Link to home
Start Free TrialLog in
Avatar of Los Angeles1
Los Angeles1

asked on

VMWare, 2 VM's and a hypervisor

I have a 16 core machine

I have 2 VM's, with each core assigned eight cores.  So no cores are available for a hypervisor

So which does the hypervisor reside since it does not have any cores assigned to it

... or more specifically, which of the 2 VM's will the hypervisor drain resources from, and how can I tell which VM it is currently draining resources from

Thanks
Avatar of coolsport00
coolsport00
Flag of United States of America image

First of all, depending on the VM & that app that is running inside of it, you shouldn't allocate more than 1 or typically at most TWO vCPUs to a VM. A VM utilizes resources of the Host it resides on. There really isn't a way to tell what specific Host CPU and/or Core the VM utilizes as that is controlled by the VKernel CPU Scheduler.

Regards,
~coolsport00
Hi,

First you need to monitor your environment to check who consumes what (cpu, memory etc)

You can use a free tool to gather that data, In my case i use Veeam One Free edition (you can get it here to collect and troubleshoot my environment. Maybe you can remove some cores from the VMs to your hypervisor since is to much for a VM also not the best practices to go for.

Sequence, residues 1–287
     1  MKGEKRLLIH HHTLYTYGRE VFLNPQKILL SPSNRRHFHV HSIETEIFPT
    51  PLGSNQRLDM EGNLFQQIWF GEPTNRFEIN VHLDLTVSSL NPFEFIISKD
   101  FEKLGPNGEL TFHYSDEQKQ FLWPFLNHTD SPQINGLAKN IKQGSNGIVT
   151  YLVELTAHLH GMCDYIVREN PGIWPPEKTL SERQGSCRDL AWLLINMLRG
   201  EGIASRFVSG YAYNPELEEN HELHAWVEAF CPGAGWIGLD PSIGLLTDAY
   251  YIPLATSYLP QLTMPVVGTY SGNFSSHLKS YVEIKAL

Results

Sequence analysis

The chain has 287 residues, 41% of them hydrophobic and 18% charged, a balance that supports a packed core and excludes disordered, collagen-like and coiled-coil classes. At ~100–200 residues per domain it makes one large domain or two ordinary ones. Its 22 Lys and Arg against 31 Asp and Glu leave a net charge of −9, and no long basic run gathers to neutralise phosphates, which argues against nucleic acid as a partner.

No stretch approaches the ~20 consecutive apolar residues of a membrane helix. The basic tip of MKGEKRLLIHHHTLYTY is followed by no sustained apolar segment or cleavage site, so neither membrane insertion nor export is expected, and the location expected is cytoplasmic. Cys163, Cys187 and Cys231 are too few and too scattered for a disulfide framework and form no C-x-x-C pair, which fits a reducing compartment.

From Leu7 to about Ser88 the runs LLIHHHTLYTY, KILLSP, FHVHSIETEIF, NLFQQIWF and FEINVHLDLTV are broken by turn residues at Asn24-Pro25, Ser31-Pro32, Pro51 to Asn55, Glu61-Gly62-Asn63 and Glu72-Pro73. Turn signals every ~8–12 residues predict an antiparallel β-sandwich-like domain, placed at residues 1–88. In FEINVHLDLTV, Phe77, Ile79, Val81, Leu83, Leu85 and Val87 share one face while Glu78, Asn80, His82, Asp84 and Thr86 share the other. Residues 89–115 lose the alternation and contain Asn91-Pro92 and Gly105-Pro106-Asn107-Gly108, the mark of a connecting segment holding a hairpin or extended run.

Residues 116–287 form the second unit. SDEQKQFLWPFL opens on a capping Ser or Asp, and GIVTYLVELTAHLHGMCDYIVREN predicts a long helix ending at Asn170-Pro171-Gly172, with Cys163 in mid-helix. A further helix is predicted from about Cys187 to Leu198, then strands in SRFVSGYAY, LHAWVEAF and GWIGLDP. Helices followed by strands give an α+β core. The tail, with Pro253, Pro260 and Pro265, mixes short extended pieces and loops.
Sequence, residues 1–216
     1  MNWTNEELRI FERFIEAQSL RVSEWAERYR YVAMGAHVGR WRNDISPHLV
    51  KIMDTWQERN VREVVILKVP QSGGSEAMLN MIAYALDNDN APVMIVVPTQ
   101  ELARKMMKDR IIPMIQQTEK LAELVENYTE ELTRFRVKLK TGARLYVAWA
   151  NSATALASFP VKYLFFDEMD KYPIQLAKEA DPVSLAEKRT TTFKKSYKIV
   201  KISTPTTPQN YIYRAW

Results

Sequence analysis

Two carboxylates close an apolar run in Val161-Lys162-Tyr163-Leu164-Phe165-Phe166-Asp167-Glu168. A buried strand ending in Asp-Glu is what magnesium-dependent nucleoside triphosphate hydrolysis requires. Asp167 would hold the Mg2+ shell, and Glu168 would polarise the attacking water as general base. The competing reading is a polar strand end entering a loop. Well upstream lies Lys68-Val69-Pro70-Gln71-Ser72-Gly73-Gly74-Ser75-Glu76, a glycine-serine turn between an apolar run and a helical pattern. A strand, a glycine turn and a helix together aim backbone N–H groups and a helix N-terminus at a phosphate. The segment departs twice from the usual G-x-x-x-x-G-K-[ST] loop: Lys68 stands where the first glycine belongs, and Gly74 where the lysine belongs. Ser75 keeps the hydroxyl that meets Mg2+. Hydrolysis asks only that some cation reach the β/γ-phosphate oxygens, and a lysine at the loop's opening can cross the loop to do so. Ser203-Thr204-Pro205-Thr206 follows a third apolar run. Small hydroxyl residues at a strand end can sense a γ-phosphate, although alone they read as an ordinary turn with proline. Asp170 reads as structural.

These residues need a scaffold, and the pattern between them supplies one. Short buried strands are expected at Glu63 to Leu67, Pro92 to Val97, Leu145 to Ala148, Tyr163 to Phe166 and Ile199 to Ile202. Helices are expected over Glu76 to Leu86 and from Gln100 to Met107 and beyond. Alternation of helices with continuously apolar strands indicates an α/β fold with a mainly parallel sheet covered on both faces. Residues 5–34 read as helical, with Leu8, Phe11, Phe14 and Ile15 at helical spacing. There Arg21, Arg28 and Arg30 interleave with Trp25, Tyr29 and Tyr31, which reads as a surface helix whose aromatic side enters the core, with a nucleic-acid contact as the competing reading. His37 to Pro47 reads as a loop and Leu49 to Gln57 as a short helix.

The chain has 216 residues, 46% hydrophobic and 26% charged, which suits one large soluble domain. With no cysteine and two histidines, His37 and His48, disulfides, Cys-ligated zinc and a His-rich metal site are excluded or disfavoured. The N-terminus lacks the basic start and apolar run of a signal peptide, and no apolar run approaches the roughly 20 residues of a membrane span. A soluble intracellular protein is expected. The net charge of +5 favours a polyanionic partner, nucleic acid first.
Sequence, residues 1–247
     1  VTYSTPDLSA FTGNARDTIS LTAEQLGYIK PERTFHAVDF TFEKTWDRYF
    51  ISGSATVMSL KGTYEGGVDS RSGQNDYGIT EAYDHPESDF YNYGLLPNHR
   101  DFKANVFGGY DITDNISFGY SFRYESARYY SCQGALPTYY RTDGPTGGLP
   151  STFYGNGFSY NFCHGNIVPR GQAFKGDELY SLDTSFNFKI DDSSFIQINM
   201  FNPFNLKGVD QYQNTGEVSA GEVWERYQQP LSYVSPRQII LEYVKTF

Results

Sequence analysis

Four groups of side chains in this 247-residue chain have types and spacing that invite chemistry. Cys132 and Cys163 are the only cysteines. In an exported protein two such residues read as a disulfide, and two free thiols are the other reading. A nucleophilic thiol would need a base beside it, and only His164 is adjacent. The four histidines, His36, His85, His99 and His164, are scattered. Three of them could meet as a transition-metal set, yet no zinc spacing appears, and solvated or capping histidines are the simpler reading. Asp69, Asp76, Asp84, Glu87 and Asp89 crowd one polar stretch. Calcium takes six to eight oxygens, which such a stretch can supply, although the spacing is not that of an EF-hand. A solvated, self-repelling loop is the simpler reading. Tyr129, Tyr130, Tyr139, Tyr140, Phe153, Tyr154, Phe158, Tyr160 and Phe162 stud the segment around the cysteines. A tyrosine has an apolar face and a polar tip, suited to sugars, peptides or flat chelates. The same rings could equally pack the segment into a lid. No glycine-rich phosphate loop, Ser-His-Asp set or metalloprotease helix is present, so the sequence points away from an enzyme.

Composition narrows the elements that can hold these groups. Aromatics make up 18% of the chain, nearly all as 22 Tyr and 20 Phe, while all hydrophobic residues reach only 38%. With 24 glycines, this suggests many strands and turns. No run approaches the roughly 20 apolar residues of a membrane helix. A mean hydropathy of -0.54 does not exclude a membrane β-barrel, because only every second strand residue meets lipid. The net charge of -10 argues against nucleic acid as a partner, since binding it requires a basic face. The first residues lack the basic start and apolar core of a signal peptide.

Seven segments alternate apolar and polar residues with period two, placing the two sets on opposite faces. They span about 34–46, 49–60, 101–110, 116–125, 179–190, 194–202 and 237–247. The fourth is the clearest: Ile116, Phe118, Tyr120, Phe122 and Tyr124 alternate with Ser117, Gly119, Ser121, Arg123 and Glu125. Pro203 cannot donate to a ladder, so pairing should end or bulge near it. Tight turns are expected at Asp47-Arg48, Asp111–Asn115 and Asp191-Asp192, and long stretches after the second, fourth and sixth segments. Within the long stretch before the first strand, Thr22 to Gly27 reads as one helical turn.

Also you can check the users articles like the one hanccocka wrote  HOW TO:  Performance Monitor vSphere 4.x or 5.0.
ASKER CERTIFIED SOLUTION
Avatar of coolsport00
coolsport00
Flag of United States of America image

Link to home
membership
This solution is only available to members.
To access this solution, you must be a member of Experts Exchange.
Start Free Trial
Avatar of asavener
I have 2 VM's, with each core assigned eight cores.  So no cores are available for a hypervisor
This statement is incorrect.

The hypervisor schedules time on the CPUs, and it will always schedule time for itself.

Since all vCPUs have to be scheduled at the same time, you are likely running into a scheduling bottleneck.  When the hypervisor is using CPU, only one of your VMs can be scheduled for CPU as well.  Bascially, you will always have seven idle cores.

Reduce the number of vCPUs on your VMs.  Unless you're in a lab setting where you're testing high performance computing, it's unlikely that you really need eight vCPUs.  If you do need eight vCPUs, then you need at least two hosts.